In this spiritual war, God has a Lamb (5:6), while Satan has a beast (13:1). The Lamb is the image of God. The beast is the image of the dragon, both having seven heads and ten horns (12:3; 13:1). The Lamb in 5:6 was “standing, as though it had been slain,” and now Satan deceives the nations (12:9; 13:14) with a fake christ, this beast who “was wounded by the sword and yet lived.” All the heavenly host and every creature in heaven and on earth worshiped the Lamb standing as though slain in 5:5–14, and in 13:3–8 the whole earth marveled at and worshiped the beast whose head “seemed to have a mortal wound, but its mortal wound was healed.”

Words that should be spoken only of the living God are blasphemously spoken of Satan’s beast, and verse 7 is a close parallel with 11:7, both verses speaking of those who die for their fidelity to the gospel. God is able to keep those whom He has recorded for Himself from Satan’s deception (13:8), and one of the means for their preservation is John making Satan’s ways known in this passage. John himself applies the message to his readers when he warns them that even their suffering is foreordained, and as he announces that his making it known is a call for the endurance and faith of the saints.What John put in verbal form elsewhere (1 John 2:18) he puts in picture form here. The beast in verse 11 looks like a lamb, that is, like Jesus (cf. 5:6), but it speaks like a dragon, that is, like Satan (12:9).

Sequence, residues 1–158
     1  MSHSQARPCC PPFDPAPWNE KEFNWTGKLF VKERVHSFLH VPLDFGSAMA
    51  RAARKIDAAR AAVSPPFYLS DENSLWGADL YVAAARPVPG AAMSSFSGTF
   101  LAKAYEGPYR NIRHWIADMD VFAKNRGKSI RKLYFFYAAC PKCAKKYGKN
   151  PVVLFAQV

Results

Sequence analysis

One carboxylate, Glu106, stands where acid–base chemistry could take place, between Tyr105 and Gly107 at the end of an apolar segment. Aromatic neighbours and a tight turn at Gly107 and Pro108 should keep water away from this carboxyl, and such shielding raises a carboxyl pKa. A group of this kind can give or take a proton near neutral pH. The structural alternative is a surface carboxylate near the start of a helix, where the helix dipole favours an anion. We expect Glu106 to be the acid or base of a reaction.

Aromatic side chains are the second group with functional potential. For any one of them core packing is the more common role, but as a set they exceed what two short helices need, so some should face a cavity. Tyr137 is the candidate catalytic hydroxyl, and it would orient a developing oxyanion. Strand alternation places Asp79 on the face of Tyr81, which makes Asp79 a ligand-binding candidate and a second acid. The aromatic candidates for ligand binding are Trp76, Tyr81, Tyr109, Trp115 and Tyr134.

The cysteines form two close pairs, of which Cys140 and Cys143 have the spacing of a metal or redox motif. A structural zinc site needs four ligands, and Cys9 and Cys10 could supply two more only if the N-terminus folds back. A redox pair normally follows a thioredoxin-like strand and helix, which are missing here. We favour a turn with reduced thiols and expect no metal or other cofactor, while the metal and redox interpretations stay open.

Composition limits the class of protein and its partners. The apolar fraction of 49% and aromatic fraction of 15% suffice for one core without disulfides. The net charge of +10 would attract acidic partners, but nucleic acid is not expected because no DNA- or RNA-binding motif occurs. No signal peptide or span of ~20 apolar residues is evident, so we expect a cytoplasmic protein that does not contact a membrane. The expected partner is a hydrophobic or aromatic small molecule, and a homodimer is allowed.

This warns Believers not to be deceived by those who dress “in sheep’s clothing but inwardly are ravenous wolves” (Matthew 7:15). John is warning the churches against those who come claiming to present the Christian gospel but who in fact proclaim Satan’s message. John warns that Satan’s counterfeit might even do powerful signs that look like what the two prophets did in Revelation 11:5, making fire come down from heaven (13:13). Christians must be vigilant against false gospels and the imposters who peddle them, and this calls for wisdom. Christians must see that they are not deceived. Satan and his false trinity deceive those who dwell on earth (12:9; 13:7), but one day Jesus will come and put an end to their ability to deceive the nations (20:1–3).

True Believers endure until then, even if it means they cannot buy or sell or must be slain. For whatever happens, we have Jesus , and He is everything.

These descriptions are not meant to scare the true Believer, but to inform and encourage.

How do you look to Jesus in all things?

 

What other thoughts or questions does today’s video and reading bring up?

 

Some of these notes are from the ESV Gospel Transformation Bible study notes. We highly recommend this study Bible.

Videos produced by www.TheBibleProject.com.

All links you need to be a part of this are here – Thru the Bible in 2018.